Google is seeking to penetrate and open up the walled garden that is the US wireless market. Carriers are the gatekeepers, controlling access and the devices available to consumers. In Europe the situation is quite different, allowing consumers to buy any phone and essentially use them with any operator. Google had made a very public appeal to the FCC to provide more open access to the wireless spectrum to be offered at the upcoming auction.
The company had set a number of conditions that it believes would benefit consumers and lead to more innovation in mobile. Yesterday, the FCC gave Google some — but not all — of what it wanted.
Google had asked for four things from the FCC:
- Open applications: consumers should be able to download and utilize any software applications, content, or services they desire;
- Open devices: consumers should be able to utilize a handheld communications device with whatever wireless network they prefer;
- Open services: third parties (resellers) should be able to acquire wireless services from a 700 MHz licensee on a wholesale basis, based on reasonably nondiscriminatory commercial terms; and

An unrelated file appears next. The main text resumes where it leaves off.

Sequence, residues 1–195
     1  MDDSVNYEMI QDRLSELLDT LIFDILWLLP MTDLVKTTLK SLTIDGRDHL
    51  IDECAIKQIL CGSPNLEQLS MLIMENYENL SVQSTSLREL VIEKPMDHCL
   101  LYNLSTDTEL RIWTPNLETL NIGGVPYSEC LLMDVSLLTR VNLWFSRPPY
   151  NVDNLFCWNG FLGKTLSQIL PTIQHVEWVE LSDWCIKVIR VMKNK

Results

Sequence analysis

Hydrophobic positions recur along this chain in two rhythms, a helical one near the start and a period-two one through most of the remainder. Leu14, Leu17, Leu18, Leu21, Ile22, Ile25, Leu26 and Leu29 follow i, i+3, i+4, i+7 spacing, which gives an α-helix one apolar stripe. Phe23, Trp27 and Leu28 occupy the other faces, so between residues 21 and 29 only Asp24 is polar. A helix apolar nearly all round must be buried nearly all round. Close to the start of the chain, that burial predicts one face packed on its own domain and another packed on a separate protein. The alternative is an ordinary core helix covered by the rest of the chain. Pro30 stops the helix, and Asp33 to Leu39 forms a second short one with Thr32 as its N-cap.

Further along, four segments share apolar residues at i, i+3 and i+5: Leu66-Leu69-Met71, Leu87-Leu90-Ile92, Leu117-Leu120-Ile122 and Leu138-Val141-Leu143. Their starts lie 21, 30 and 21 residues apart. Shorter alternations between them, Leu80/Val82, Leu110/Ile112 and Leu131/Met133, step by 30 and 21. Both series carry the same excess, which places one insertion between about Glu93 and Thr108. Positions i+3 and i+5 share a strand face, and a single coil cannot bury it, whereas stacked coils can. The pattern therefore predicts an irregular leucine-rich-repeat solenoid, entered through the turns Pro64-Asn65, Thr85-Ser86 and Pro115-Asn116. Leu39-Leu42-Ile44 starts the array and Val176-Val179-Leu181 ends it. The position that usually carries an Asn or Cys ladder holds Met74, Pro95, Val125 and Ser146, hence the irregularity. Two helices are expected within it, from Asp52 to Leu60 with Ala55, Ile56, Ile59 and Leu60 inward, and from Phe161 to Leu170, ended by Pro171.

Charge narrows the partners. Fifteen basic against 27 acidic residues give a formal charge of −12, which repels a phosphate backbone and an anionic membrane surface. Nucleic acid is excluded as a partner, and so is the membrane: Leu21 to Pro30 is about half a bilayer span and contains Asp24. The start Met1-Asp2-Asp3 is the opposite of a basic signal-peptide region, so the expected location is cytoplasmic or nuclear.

- Open networks: third parties (like internet service providers) should be able to interconnect at a technically feasible point in a 700 MHz licensee’s wireless network.
Google got two out of those four from the FCC. The company offered qualified praise for the move on its public policy blog. The part that Google did not get was compulsory access to the network on a wholesale basis from the auction winner.
It now remains to be seen whether Google does put up some or all of the the $4.6 billion it said it would potentially bid for the spectrum if its conditions were met.